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When Do F1 Drivers Retire?

Not many drivers make it to the level of Formula One, and fewer still are able to stay around for several seasons. Here, we look at the data of experienced F1 drivers and when they stop in Formula One. What age of retirement is typical? Is there a certain level of experience that’s a good indicator of retirement? And does a driver’s form drop off before they call it quits? Find out here.

  1. What Age Do F1 Drivers Retire?
  2. At What Experience Level Do F1 Drivers Retire?
  3. Do Key Retirement Stats Vary Over Time?
  4. Do F1 Drivers Perform Worse Before Retirement?
  5. Conclusions

What Age Do F1 Drivers Retire?

This question comes with caveats, given that almost all F1 drivers continue racing after they’re done with Formula One. In addition, the majority of F1 drivers do not leave the sport by choice, and it’s questionable whether that should really count as a “retirement”.

Here, we have included all drivers with more than 10 years experience in F1, and who either left the sport for a period of at least 2 years, or formally announced their retirement since the year 2000. This means Schumacher and Alonso’s first “retirements” are included (but highlighted as green dots in graph data for reference). Vettel’s and retirement is also included, but Ricciardo’s absence on the 2023 grid is not included.

Two borderline cases that we have omitted are Räikkönen’s career break (2010-2011, which is not included as he was not experienced enough at the time) and Massa’s retirement announcement in 2016 (also not included, as he was back racing before the start of the next season).

There’s no attempt to qualify the reason behind a driver’s retirement, as it is difficult to properly quantify in simple terms.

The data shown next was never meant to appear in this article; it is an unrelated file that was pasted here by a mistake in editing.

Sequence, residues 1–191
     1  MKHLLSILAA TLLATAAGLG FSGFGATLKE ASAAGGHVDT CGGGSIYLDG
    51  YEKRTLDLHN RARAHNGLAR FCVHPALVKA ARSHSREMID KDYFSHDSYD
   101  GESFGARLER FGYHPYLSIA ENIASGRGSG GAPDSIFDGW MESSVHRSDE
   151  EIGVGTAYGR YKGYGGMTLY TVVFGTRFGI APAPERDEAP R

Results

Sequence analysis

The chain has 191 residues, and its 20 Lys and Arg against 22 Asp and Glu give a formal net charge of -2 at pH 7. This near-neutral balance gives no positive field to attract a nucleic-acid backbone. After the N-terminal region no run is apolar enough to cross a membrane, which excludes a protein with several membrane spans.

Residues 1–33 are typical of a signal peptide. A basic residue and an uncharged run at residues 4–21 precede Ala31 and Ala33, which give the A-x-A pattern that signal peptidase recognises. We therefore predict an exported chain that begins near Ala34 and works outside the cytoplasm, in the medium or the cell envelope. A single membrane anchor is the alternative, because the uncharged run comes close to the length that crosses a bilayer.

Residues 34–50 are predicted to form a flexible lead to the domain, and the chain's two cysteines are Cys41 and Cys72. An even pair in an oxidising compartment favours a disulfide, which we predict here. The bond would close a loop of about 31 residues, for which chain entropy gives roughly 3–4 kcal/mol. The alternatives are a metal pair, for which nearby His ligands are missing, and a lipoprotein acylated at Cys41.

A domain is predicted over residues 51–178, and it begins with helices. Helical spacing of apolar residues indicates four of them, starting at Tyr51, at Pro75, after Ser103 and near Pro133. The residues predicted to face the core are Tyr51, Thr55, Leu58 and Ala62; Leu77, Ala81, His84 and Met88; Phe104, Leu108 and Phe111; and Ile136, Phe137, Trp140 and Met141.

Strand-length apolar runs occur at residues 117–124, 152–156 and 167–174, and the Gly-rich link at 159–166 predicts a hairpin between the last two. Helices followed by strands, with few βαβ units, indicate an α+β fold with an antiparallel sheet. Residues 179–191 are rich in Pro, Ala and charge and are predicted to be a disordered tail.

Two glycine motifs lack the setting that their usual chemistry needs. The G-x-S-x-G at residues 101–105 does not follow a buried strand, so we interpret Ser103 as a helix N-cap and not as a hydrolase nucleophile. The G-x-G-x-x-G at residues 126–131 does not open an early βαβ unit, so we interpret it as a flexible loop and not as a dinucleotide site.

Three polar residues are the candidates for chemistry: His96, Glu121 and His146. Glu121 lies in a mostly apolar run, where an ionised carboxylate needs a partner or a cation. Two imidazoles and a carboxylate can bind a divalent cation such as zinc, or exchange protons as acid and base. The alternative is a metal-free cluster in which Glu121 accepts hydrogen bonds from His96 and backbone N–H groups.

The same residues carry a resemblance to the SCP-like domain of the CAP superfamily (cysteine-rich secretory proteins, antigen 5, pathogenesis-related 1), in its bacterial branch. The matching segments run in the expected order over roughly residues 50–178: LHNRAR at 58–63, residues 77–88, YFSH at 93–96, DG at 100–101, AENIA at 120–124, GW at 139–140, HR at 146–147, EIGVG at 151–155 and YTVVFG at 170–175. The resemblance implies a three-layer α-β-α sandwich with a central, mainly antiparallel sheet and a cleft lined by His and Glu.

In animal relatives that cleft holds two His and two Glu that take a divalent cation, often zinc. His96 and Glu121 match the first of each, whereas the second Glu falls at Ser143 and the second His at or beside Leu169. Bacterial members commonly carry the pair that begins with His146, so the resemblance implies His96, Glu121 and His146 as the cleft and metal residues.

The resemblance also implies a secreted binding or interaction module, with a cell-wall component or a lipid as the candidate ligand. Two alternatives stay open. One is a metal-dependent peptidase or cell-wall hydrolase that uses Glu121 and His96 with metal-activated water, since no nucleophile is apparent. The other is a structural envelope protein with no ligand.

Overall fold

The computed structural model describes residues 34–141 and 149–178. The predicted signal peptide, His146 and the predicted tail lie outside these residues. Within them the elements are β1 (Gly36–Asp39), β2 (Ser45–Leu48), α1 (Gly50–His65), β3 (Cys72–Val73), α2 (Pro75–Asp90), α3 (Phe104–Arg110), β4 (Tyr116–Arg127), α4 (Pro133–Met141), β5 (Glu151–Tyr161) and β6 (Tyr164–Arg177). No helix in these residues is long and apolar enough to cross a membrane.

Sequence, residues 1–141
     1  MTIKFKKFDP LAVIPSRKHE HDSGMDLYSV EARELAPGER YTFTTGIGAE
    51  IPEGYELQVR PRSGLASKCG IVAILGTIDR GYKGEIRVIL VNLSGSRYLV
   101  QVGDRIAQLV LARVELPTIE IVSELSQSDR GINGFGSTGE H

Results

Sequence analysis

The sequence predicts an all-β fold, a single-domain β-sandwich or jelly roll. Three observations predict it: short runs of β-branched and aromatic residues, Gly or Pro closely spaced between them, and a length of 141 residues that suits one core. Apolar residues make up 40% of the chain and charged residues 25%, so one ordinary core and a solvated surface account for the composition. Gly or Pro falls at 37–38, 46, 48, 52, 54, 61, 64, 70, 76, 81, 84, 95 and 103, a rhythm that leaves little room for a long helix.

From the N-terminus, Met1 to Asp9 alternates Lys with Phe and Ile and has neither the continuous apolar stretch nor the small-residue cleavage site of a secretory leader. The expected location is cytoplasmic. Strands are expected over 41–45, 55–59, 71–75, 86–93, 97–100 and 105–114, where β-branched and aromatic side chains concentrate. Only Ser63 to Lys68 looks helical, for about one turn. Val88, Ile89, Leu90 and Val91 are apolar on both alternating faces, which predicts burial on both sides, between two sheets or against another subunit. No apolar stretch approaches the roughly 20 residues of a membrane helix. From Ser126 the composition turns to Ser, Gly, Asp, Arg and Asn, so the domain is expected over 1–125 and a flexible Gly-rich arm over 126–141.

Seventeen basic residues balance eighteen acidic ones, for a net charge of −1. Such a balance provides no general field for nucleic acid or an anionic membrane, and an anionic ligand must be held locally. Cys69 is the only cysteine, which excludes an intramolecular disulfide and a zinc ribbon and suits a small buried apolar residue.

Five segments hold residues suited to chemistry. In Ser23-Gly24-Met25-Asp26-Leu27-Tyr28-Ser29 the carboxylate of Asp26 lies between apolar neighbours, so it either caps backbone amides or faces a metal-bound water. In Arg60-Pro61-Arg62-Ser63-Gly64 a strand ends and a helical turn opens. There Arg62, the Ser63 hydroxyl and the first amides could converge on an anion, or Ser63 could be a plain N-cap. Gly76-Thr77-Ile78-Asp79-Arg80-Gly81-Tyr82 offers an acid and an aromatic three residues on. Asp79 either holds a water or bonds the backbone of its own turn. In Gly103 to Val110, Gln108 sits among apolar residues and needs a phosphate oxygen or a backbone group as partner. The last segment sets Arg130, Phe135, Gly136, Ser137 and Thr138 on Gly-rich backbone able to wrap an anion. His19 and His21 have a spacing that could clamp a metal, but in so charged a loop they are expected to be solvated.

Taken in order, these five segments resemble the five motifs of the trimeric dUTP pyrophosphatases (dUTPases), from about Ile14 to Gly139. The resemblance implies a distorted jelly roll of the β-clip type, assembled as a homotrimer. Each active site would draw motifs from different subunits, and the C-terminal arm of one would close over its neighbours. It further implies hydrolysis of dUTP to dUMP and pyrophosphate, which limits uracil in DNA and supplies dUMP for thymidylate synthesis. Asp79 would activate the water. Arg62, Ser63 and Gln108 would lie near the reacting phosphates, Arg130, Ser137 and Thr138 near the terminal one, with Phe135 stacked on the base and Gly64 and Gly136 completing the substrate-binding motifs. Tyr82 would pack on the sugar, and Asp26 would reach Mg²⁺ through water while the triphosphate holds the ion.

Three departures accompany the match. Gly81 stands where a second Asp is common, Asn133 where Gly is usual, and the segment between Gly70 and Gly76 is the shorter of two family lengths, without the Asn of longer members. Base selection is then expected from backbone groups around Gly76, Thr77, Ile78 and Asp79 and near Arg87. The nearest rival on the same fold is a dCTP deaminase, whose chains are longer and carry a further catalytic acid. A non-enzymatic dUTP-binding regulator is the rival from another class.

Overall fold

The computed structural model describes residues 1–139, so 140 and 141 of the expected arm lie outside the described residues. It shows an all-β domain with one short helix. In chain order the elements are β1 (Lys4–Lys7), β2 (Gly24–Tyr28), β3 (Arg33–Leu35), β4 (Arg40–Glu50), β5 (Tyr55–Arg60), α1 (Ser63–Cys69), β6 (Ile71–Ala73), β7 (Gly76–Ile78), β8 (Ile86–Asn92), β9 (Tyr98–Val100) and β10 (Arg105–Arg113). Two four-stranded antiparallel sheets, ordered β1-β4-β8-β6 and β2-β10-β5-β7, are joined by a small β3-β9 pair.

Overall, there are 19 drivers that make the cut. The selection criteria causes a heavy bias towards success, with all but one being race winners (Nick Heidfeld being the exception) and almost half of them being world champions.

First let’s see the how old the included drivers were at the time of their last grand prix:

Over half of drivers looked at retired at age 36-37, with other ages between 30 and 43 having a fairly even spread.

This shows an obvious trend, with a large spike concentrated on the age of 37. Vettel’s recent retirement was seen by some as premature, and his current age of 35 is indeed slightly before the expected age.

Schumacher and Räikkönen are the 2 drivers who retired when in their 40s, whilst Alonso is the only current driver racing into their fifth decade. Interestingly, all 3 of them had career breaks of at least 2 years, indicating that this may help drivers stay in F1 in their later years. Hamilton, meanwhile, just turned 38 at the start of 2023. Whilst he could probably stay in F1 for at least another 5 years if he wanted to, the data from other drivers suggest that a retirement in the next year or two is more likely.

At What Experience Level Do F1 Drivers Retire?

Let’s look at some other ways of measuring the time of retirement: The number of GPs entered and the seasons completed in the sport.

Retirements happen after a range of GP starts, with n obvious trend.
Retirements happen after different numbers of seasons in F1. Although the peak is 10 years (the cut off for inclusion), after this there is a relatively even spread.

These two do not show a clear trend, suggesting that whilst age is an indicator of when a driver may stop racing, Grand Prix starts or seasons in F1 are generally not.

Do Key Retirement Stats Vary Over Time?

We can also see how these two variables have changed over time. One might expect that drivers who retired a couple of decades ago will have generally driven in fewer races, a there were fewer Grand Prix in a season. This correlation is indeed seen:

There's a positive correlation between a driver's year of retirement and the number of GPs they started.

However, the number of GPs per season is only a partial explanation, because it appears as though the number of seasons drivers complete before retirement is also inching upwards over time.

There is also a (weaker) positive correlation between the year of retirement and the number of seasons completed.

The correlation is not as strong as that for number of GPs completed, but it’s clearly still present. Two potential explanations for this is that drivers start their careers at younger ages, or that they are extending their careers further than previously. We can work out which it is by looking at starting and ending ages of these drivers:

The data indicates that driver’s retirements are not generally getting older over time, with the typical retirement age of 36-37 present throughout and no obvious trend in other numbers. Meanwhile, there was a trend of F1 drivers getting younger over time. This would probably not surprise long term followers of the sport.